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Kid goats won't eat hay

Discussion in 'Other Pets & Livestock' started by Harrison farm, Jan 3, 2016.

  1. Harrison farm

    Harrison farm Out Of The Brooder

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    We have two Nigerian dwarf goat kids who are two weeks old. We had to immediately remove them from the mother as we live in Alaska and the temps were well below zero and they almost froze one having hypothermia [​IMG] They are now two weeks old and thriving. We have introduced them to hay and oats but they refuse to eat anything but their bottles. How do you start introducing them to these and at what age?
     
  2. oldhenlikesdogs

    oldhenlikesdogs Sits With Chickens Premium Member

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    At two weeks they are too young to do anything but nibble on it, it will be a couple of more weeks before they will start eating it in any quantity, I will usually start by offering tiny amounts of sweet feed or a goat ration to them and they will start eating that before the hay. Make sure you are offer a softer hay with the leaf blades intact as goats don't usually eat the stems.
     
  3. Stacykins

    Stacykins Overrun With Chickens

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    Quoted for truth.

    At two weeks old they might mouth hay, but they're not going to actively consume it until they are older. You can keep offering it, and a handful of feed/grain. So they are familiar with it. They're not able to learn from their mother if they are not with her. Normally dams are great at teaching kids what is good to eat quickly.

    Keep feeding milk. How much are they eating with each feeding? How many times per day? You definitely want to make sure they are getting enough milk. Kids need to be bottle fed for a minimum of eight weeks, twelve is best.
     
  4. Harrison farm

    Harrison farm Out Of The Brooder

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    Thank you so much for your responses. We are new to farming and have started out with chickens and goats so we are newbies [​IMG] The kids are eating three times a day and they're eating about 8 ounces each feeding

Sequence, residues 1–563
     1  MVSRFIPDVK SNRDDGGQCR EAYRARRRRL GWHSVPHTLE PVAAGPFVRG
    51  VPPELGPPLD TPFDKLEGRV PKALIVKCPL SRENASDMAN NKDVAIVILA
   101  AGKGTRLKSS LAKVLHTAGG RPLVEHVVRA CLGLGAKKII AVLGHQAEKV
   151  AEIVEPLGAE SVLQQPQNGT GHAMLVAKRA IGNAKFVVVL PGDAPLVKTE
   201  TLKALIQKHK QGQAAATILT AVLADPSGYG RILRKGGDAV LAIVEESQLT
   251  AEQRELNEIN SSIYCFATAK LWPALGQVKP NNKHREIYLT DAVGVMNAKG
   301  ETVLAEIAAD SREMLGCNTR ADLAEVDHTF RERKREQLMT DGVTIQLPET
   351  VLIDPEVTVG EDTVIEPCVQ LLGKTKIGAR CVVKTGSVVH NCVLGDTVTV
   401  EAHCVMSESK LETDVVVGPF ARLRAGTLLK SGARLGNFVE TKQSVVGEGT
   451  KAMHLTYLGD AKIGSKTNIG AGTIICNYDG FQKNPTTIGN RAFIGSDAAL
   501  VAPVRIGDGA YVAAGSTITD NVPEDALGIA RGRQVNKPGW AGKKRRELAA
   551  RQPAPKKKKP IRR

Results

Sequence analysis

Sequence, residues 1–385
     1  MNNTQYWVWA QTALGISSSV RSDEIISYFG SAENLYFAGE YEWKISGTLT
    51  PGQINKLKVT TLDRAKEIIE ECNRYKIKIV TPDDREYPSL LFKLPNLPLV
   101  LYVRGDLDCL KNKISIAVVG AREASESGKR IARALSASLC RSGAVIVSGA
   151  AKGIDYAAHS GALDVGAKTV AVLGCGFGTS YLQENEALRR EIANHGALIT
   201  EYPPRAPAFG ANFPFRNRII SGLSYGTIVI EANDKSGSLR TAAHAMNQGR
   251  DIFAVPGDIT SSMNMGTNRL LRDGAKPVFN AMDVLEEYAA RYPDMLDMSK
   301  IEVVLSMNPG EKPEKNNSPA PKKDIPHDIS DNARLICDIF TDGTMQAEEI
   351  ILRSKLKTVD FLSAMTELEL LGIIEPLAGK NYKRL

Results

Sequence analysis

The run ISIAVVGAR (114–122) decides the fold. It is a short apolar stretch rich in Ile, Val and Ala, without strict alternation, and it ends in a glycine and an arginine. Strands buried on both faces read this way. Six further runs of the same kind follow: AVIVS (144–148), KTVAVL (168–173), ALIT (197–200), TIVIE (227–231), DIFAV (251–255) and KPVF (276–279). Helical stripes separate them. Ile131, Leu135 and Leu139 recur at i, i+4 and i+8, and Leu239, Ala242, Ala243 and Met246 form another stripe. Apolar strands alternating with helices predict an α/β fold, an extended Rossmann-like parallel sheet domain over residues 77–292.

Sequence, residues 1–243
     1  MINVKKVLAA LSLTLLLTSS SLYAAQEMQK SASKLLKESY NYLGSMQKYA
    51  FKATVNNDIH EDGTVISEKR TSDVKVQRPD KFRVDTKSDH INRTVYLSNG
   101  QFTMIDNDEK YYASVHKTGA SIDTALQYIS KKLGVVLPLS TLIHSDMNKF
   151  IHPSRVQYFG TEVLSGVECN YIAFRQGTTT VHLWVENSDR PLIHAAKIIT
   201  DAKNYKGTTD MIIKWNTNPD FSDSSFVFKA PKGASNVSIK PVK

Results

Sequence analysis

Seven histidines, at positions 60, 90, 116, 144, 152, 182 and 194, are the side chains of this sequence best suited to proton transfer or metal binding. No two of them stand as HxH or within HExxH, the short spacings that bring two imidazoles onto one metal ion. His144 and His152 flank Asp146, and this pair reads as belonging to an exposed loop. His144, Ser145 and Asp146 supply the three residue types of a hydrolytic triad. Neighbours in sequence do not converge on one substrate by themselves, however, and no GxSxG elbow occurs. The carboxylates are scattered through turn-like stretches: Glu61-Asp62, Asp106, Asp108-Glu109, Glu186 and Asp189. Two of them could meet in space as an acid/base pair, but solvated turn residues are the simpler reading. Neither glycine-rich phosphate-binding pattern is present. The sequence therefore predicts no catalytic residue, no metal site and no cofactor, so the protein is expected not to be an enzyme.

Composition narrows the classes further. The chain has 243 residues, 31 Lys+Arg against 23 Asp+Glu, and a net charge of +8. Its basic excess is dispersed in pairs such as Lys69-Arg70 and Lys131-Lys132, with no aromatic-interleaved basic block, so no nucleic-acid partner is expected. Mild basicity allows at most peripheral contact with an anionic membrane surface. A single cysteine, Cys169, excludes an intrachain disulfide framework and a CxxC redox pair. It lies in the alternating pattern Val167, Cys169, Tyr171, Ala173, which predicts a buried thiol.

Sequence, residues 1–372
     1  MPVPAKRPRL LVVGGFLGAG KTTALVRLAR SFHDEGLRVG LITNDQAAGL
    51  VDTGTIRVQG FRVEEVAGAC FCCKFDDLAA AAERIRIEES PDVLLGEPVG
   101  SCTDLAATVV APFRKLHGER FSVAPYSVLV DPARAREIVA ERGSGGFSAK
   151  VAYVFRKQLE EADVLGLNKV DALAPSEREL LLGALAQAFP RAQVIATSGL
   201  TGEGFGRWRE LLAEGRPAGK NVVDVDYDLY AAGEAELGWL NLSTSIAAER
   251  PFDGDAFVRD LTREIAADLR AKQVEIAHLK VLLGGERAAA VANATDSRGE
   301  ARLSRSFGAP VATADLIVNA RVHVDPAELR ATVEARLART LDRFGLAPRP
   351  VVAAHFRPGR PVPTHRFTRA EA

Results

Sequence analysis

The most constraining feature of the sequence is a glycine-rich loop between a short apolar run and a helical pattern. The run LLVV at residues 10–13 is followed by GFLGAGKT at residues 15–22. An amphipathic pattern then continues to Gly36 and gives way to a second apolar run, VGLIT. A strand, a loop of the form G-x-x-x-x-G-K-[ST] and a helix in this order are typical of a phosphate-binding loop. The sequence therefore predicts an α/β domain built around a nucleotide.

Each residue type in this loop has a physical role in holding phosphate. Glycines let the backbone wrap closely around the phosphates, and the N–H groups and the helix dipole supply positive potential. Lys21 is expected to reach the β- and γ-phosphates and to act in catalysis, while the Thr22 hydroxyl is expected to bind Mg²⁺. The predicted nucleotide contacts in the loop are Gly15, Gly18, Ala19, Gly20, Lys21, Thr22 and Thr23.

5. Harrison farm

    Harrison farm Out Of The Brooder

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    [​IMG]

    Here is a picture of our buckling Isaac
     
  6. Harrison farm

    Harrison farm Out Of The Brooder

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    [​IMG]

    And here is Sasha are doeling
     
  7. oldhenlikesdogs

    oldhenlikesdogs Sits With Chickens Premium Member

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    Very cute, it will be a bit before they eat hay, the girl looks chunkier than her brother.
     
  8. Harrison farm

    Harrison farm Out Of The Brooder

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    Sasha is actually a little bit smaller than Isaac. She is the one who was slower to catch on to things even though she was the first born. She is the one who almost died of hypothermia. We babied her all through the night and now she seems to be the one ahead smart wise [​IMG]
     
  9. R3dnck

    R3dnck Out Of The Brooder

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    If they get older and eat everything but hay I have found that you take a little sweet feed and put It where you are going to feed the hay at, once they get used to getting sweet feed in that spot start putting a little hay with sweet feed on top, then mix the feed with the hay so they work for it and eat hay to, then eventually stop putting feed in the hay they should eat thru the hay looking for feed lol
     
  10. oldhenlikesdogs

    oldhenlikesdogs Sits With Chickens Premium Member

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    I will stuff some hay in their mouths after the bottles, it will get spit right out with a yucky face, but eventually they get the taste for it, I also will keep whole bales with them to play on so it's always available. They are a little more likely to eat grass if it's the right time of year. Goats are born without the rumen fully developed, so getting the system started takes a bit of time but it is an important step to building a good digestive system and raising a healthy goat.
     

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